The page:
Cory Brown, William Redman, Connor Levenson, Bingjie Huang (UCSB), Zac Fernandez (MSU) (link to pdf)
Classical techniques in analyzing network structure (such as spectral clustering) primarily address weighted time-invariant graphs. Like the Fourier transform, these methods have been used too often, resulting in analyses that have overly constrained assumptions – e.g., Fourier decomposition of signals in transient settings. In the field of neuroscience, this has resulted in copious literature on static resting state networks – time-invariant subnetworks, of a global brain network, that describe large scale brain connectivity. For complex systems like the mind, adding the mathematical complexity of time-dependent edges provides additional information for diagnosis. Motivated by both neuroscience and chemistry, we consider means to analyze time-varying structure in data. We do this through the lens of Koopman operator theory. The main contribution here is in building observables by composing network-valued observables with properties of networks. For example, normalized volume of time-varying activation of resting state networks. Random-variable-valued and manifold-valued observables can be utilized in a similar fashion. By considering such exotic observables, observable spaces can be constructed such that Koopman spectral quantities will characterize time-varying mathematical structure of data.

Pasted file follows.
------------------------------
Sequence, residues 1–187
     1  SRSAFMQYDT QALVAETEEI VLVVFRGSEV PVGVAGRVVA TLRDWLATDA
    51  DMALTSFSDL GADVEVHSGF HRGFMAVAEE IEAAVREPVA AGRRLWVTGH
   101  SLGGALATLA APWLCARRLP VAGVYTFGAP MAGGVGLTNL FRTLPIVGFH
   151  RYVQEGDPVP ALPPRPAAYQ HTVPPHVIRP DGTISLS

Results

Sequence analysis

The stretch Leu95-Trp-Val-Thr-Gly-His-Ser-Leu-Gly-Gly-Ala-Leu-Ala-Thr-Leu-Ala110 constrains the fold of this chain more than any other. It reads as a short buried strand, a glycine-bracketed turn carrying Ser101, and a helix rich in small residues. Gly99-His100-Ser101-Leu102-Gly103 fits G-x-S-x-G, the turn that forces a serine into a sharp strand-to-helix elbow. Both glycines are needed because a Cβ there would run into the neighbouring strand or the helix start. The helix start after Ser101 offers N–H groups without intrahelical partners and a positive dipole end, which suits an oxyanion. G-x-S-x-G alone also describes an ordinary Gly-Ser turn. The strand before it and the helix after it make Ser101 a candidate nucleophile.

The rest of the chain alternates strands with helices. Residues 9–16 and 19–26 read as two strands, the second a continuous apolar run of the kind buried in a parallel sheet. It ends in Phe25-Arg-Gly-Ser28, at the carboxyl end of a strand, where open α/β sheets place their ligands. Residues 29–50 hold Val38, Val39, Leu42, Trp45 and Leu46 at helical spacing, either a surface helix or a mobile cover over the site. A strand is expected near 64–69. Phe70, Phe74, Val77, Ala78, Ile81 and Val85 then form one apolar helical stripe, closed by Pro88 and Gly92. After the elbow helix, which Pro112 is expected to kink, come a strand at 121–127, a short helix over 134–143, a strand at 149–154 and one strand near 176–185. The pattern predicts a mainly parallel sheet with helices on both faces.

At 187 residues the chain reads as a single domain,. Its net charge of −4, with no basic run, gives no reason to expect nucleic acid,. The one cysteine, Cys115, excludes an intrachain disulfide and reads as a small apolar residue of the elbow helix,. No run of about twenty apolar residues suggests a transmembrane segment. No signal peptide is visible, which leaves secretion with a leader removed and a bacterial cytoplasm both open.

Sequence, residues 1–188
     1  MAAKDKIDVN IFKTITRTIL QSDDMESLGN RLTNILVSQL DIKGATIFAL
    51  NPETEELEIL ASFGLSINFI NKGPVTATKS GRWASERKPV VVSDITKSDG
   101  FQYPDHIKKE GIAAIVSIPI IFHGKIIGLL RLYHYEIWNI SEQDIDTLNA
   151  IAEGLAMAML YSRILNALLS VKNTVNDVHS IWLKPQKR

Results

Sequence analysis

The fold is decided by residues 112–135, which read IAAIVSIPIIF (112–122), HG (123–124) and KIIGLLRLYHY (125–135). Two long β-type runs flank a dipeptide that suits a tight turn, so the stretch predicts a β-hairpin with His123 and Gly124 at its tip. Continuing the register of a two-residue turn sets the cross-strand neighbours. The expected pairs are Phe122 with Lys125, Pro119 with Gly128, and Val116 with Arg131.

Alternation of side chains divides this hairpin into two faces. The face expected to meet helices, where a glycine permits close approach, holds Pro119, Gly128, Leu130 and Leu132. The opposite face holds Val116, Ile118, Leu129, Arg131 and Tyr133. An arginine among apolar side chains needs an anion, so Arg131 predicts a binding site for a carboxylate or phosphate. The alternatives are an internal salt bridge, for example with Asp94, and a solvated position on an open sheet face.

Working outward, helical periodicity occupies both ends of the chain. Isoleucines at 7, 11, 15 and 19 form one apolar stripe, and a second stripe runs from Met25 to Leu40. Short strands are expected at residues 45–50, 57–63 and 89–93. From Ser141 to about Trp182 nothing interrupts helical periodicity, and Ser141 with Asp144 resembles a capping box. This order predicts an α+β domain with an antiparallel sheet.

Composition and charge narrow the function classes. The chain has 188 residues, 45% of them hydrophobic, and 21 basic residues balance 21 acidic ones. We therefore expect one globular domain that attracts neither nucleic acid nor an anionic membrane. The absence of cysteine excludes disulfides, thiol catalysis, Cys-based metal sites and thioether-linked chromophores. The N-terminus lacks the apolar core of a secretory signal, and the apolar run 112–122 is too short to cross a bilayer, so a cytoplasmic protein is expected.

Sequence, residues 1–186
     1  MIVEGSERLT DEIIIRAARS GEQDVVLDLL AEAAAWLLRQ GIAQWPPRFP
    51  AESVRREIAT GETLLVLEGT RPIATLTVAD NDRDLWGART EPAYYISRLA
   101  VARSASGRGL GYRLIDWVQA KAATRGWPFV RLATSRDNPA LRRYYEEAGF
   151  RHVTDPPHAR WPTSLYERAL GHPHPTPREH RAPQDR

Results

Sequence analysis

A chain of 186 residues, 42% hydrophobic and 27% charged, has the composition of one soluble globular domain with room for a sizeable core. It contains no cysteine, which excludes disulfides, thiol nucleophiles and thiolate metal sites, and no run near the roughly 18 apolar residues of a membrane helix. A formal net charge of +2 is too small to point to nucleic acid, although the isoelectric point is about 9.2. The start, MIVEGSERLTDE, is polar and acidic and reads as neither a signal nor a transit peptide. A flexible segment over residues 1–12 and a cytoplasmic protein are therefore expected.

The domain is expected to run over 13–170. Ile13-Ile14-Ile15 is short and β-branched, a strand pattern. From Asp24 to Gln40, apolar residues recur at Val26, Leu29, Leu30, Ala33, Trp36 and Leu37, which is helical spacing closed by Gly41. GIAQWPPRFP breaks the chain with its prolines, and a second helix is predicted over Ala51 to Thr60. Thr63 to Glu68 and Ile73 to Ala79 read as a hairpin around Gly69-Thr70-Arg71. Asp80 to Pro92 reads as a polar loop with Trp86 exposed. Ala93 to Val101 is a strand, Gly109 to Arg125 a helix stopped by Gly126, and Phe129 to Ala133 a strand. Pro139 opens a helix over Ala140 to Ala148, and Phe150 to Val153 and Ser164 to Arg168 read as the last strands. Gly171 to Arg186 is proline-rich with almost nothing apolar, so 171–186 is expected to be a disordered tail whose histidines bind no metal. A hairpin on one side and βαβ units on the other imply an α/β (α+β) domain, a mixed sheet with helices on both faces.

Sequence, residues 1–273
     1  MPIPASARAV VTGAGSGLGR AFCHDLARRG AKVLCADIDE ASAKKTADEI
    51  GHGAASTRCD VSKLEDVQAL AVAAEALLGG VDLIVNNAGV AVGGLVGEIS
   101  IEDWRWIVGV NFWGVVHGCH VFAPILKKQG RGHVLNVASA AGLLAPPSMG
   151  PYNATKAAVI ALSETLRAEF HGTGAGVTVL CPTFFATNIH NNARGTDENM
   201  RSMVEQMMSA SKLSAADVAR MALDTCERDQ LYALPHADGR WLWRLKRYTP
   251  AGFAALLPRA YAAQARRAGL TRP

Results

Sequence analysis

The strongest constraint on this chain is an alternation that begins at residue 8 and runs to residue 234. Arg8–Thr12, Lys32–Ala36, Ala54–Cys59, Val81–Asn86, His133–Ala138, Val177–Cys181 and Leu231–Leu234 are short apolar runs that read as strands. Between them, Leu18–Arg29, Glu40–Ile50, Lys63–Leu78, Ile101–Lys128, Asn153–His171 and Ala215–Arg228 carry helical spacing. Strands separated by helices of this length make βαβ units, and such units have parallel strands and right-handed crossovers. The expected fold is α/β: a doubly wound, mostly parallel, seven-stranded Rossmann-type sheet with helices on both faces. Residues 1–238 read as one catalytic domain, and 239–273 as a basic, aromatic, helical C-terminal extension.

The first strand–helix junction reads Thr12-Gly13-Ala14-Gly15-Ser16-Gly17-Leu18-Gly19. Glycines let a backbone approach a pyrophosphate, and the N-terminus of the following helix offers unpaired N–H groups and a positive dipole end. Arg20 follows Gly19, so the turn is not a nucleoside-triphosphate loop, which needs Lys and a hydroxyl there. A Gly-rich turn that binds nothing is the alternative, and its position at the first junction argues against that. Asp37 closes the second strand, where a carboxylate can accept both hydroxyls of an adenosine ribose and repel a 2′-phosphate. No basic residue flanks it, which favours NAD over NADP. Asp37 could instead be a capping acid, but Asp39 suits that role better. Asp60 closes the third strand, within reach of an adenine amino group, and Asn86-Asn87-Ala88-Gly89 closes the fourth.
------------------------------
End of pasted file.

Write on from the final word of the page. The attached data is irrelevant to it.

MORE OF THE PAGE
John Luginsland, Confluent Sciences, LLC, A Spirkin , PH Stoltz Tech X Corp (link to pdf)
Rushil Anirudh CASC/COMP/LLNL (link to pdf)
As simulation campaigns have become successful in advancing our understanding of high energy physics, the problem of comparing simulation and experimental data becomes critical in optimizing diagnostics and experimental design. Due to the challenges in modeling high dimensional, multi-modal datasets, the comparisons have often resorted to a handful of scalar diagnostics across simulation and experiment, without making use of all the other rich modalities, and information that may be available. In this talk we explore the use of self-supervised learning strategies to learn effective representations of such datasets in order to ultimately enable stronger coupling between simulation and experiment. We see how representations can be learned to be robust, capture multi-modal relationships, be physically meaningful, and interpretable based on the design of an appropriate self-supervised encoding objective.